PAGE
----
The evangelical response inevitably sounds something like this; “We are not saved by works, therefore eating the supper, being baptized, being absolved, etc… can only signify what Christ has done. Baptism cannot actually wash away sin, because it is work, communion cannot actually impart forgiveness, because it is a work, absolution cannot actually absolve, because it is a work.  To say these things are more than symbolic is to violate the overarching theme of the New Testament which is salvation by faith in Christ, not of works.” Add on the fact that it sounds too Roman Catholic, and all arguments for sacramental Christianity are usually DOA before the normal evangelical will even entertain them.

After debating this ad nauseum with a friend of mine I’ve come to a very simple conclusion. These two systems have different ideas regarding what scripture refers to as a work. When I hear someone say baptism is a work, I just scratch my head.  “How is someone putting me in water and saying words over me a work?”  My opponent would scratch his head and say “How is someone putting you in water and saying words over you not a work?”  Then we just kind of stare at each other like the other person is an idiot.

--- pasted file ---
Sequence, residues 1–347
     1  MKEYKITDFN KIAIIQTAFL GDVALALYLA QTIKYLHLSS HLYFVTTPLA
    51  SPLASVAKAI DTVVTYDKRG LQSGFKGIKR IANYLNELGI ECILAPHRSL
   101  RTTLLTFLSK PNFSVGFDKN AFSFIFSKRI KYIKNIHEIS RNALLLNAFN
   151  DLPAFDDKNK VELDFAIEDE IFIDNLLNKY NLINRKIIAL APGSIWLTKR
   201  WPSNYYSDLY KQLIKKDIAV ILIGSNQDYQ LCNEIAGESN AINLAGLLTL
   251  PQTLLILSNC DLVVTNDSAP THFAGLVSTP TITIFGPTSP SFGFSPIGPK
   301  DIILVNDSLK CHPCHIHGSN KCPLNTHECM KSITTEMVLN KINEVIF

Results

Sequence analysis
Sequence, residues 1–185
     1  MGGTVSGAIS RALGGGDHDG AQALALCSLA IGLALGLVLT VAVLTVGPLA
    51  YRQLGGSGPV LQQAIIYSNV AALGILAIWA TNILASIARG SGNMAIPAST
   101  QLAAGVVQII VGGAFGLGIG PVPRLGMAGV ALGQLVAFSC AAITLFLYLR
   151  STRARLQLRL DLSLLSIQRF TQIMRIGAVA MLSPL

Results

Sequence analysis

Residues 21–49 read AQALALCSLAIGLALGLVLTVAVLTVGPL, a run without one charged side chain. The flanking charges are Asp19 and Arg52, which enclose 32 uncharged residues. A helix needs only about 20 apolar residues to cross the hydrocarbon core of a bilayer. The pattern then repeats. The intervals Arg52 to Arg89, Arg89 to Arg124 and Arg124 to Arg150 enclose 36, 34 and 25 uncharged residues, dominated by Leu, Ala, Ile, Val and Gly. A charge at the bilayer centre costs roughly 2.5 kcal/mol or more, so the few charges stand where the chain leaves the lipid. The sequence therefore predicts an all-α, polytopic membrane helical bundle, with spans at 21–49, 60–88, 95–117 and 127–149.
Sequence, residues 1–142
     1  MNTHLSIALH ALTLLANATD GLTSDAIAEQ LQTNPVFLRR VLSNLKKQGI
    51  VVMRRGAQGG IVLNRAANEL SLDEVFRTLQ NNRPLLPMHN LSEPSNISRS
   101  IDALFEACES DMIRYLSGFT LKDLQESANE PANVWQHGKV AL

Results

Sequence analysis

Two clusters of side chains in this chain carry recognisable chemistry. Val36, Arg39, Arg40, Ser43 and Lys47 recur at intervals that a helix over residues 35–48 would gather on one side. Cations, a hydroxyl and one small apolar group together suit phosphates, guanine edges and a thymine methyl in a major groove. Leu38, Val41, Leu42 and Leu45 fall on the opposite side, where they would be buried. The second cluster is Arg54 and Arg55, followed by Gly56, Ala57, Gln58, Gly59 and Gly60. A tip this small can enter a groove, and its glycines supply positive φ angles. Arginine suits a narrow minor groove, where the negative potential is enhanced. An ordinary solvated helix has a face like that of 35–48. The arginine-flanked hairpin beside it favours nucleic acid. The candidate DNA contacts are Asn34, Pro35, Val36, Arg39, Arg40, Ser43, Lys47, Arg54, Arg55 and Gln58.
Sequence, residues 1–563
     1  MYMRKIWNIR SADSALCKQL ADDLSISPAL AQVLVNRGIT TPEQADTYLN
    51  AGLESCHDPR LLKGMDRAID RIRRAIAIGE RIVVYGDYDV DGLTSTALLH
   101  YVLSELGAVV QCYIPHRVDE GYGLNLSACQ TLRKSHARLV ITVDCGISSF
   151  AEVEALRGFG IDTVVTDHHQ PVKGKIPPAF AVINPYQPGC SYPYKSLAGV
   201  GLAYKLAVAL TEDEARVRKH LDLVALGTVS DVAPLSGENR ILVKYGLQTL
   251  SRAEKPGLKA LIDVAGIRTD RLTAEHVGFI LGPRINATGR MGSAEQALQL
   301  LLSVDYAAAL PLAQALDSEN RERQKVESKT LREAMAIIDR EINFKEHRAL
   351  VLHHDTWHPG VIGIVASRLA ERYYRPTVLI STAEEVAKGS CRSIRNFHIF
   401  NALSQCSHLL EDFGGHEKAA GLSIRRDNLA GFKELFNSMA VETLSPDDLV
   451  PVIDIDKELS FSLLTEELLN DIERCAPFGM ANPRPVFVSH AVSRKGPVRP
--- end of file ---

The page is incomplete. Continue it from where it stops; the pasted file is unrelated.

If you step back the difference is pretty obvious. The sacramental guy is saying a work is anything we do ourselves, and the evangelical is saying a work is anything done by any human effort other than Christ’s. So the literal sacrament view finds it absurd to think baptism is a work because it is done to you, not by you.  The supper is not a work because it is given to you, not done by you, absolution is not a work because it is pronounced to you, not by you… and so on.  In the evangelical framework all of those things are works because they are done under human volition and they believe it involves the creation of a mediator between God and man, which is strictly denounced by Paul. Which again begs the question “What is the limitation of God’s action through people?” or “Is it possible to say a person doing these things is really God doing them?”